Arrow Exterminators. “Your pests will think they have targets on their backs.” Their equipment’s a little unconventional, and they have a high turnover rate, but one way or another they get the job done.

Why, it’s the Sad Puppies, of course.

This post may cause the same furor amongst fans of high-brow soap operas as the Puppies have amongst fans of high-brow SF, but I’m willing to be the martyr for this cause (of which as far as I know I am the only member). I believe that the Puppies have performed a service, the same service as Downton Abbey has for PBS, and I (unlike some involved in that other controversy) mean to prove my theory.

First, PBS has achieved unheard-of viewership the past few years. This is provably because of Downton Abbey. Membership for Sasquan has set a new record, and Hugo voting is roughly 40% higher than the average of previous years. This is undoubtedly due to the Puppies (and reaction thereto).

Second, although PBS is best known for science programs and televised opera, Downton Abbey is, as pointed out above, really a dressed-up soap opera. It’s not high-falutin’ literary entertainment, despite the setting and the clothes and the acting. It’s all that, but mostly it’s fun. And if the message slips in that the upper and lower classes are not that different, well, at least it doesn’t get in the way of the story. The Puppy slate isn’t high-falutin’ literary entertainment, either; that’s not a criticism, that’s their selling point. And if a message slips in that overwhelms the story (Hugo nominations, *cough, cough*), well, we can just ignore that, because fun is the real message.

Finally, both Downton Abbey and the Sad Puppies represent what happens when conservative values run head-on into a changing world. Like Lord Robert, the Puppies rail against progressivism, and like him, they believe they have won their share of victories. Both have managed to seem small-minded in doing so.

Unfortunately, we know Downton Abbey is soon to end. Whether the Puppies follow suit remains to be seen. But their work (in both cases) has already been done: Their respective platforms have enjoyed unprecedented public exposure and interest. Given conservatives’ disdain for PBS, the Puppies may well not like the comparison, but then again, they’ve been compared to worse.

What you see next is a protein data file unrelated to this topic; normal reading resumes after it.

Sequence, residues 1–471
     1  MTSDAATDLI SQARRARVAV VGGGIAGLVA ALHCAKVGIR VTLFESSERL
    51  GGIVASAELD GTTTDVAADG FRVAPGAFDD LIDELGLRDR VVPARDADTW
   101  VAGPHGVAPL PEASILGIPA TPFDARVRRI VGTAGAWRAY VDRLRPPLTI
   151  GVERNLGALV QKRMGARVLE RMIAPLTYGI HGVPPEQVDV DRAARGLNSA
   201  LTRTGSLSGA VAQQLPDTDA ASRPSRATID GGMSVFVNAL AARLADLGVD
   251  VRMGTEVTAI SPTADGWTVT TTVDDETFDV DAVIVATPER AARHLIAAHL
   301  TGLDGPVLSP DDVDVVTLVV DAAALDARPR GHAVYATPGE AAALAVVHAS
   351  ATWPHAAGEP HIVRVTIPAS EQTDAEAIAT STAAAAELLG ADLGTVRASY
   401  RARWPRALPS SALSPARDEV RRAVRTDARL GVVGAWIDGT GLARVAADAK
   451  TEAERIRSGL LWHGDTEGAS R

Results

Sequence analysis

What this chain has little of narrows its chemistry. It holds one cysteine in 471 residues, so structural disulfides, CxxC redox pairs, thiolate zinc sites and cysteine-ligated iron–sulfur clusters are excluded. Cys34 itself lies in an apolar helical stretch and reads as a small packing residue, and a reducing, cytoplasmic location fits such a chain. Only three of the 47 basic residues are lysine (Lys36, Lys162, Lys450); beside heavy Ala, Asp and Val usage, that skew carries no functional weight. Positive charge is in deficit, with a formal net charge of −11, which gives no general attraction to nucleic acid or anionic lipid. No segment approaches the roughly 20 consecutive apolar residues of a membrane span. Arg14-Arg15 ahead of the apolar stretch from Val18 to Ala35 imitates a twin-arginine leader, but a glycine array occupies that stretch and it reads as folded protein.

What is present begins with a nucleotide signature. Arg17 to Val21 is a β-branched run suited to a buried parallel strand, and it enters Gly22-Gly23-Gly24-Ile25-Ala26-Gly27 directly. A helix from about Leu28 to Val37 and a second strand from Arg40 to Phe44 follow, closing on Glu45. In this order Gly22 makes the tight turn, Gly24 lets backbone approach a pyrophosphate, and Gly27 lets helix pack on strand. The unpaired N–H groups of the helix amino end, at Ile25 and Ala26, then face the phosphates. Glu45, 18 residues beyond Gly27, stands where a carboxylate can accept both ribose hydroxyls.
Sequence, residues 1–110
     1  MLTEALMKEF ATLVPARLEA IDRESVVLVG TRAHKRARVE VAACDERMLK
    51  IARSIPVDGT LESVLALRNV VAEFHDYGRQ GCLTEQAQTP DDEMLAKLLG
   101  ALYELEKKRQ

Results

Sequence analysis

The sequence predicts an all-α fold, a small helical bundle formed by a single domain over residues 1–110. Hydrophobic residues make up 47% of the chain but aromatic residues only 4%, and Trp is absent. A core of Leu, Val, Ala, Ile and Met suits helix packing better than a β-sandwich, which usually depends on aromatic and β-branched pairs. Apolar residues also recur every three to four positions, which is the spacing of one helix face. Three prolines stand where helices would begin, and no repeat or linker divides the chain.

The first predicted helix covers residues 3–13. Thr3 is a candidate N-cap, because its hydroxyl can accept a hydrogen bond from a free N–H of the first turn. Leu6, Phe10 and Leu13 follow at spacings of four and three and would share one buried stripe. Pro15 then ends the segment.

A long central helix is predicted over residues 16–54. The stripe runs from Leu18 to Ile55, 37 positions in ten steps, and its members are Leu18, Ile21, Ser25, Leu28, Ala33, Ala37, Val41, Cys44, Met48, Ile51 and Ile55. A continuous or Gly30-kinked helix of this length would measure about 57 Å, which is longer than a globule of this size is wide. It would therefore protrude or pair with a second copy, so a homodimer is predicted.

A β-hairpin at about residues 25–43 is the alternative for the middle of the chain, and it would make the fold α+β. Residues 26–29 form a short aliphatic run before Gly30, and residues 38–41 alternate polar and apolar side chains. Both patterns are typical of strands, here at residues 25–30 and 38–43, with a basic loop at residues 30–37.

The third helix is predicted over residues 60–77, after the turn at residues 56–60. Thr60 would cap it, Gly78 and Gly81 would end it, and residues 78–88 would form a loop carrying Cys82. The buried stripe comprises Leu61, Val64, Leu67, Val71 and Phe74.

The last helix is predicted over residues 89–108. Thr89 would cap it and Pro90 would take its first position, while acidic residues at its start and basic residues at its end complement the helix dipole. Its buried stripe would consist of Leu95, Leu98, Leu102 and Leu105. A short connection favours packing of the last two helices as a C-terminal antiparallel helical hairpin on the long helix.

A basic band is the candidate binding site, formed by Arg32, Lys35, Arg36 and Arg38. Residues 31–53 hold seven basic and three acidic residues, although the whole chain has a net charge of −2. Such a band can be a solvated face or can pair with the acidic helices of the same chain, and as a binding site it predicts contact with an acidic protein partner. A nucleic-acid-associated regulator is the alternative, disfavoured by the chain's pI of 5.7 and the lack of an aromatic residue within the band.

You might have heard that they made a movie out of Edgar Rice Burroughs’ “John Carter” novels. It only took them 100 years. Actually, they made the movie three years ago, but due to circumstances (including its horrendous reviews), I only watch it recently, on cable.

As so often happens, the movie is not so bad as the reviews. It has some good points, mostly in the visual effects. I am told by people who understand these things better than I that the direction is wooden and good actors are wasted. My problem with it, though, is with the script. Specifically, they took a 100-year-old classic and tried to update it for modern audiences. I understand why they did it–Dejah Thoris is not exactly an paragon of agency in the original novel–but I don’t understand why they couldn’t leave it at that.

When I say they adapted the “‘John Carter’ novels,” I mean just that–because instead of adapting “A Princess of Mars,” they combined elements of the first two books, and then added in a bunch of stuff on their own. Fellas, if the story has been around for a century, and it’s still popular enough that you want to make a movie about it, don’t you think the author knew what he was doing? Give the princess more to do (and make the cavalry shoot first if you must), but leave the main story alone.

The movie, like the book, deals largely with Carter’s advent on Barsoom and his adventures with the Tharks. There’s a hell of a lot of material there, and they just tossed it aside for their own mish-mash of shapeshifting priests (huh?) and energy weapons (energy weapons and they still fight with swords? You know, the book explained all that…) There were no shapeshifters or energy weapons in the original, and the first three books are still one of the most entertaining trilogies ever written. What made you geniuses think you knew better than one of the best-selling authors in the history of the human race?

Of course, the whole endeavor failed miserably, a movie I had anticipated since I was 13 years old tanked, and the possibility of opening Burroughs to a new generation (not to mention adapting some of his other dozens of books) collapsed. All because somebody forgot why he was adapting that book into a movie in the first place.

It’s not the first time this has happened, and won’t be the last. But hey, please remember, just because you can make something newer doesn’t mean you make it better. I mean, in 1912, Mars was still largely unknown. Now we can see firsthand the canals aren’t canals and there are no hordes of green men. But if a story 1912 is still worth telling despite all that, then maybe you should stick with the story from 1912. When your story is 100 years old, then it will be your turn.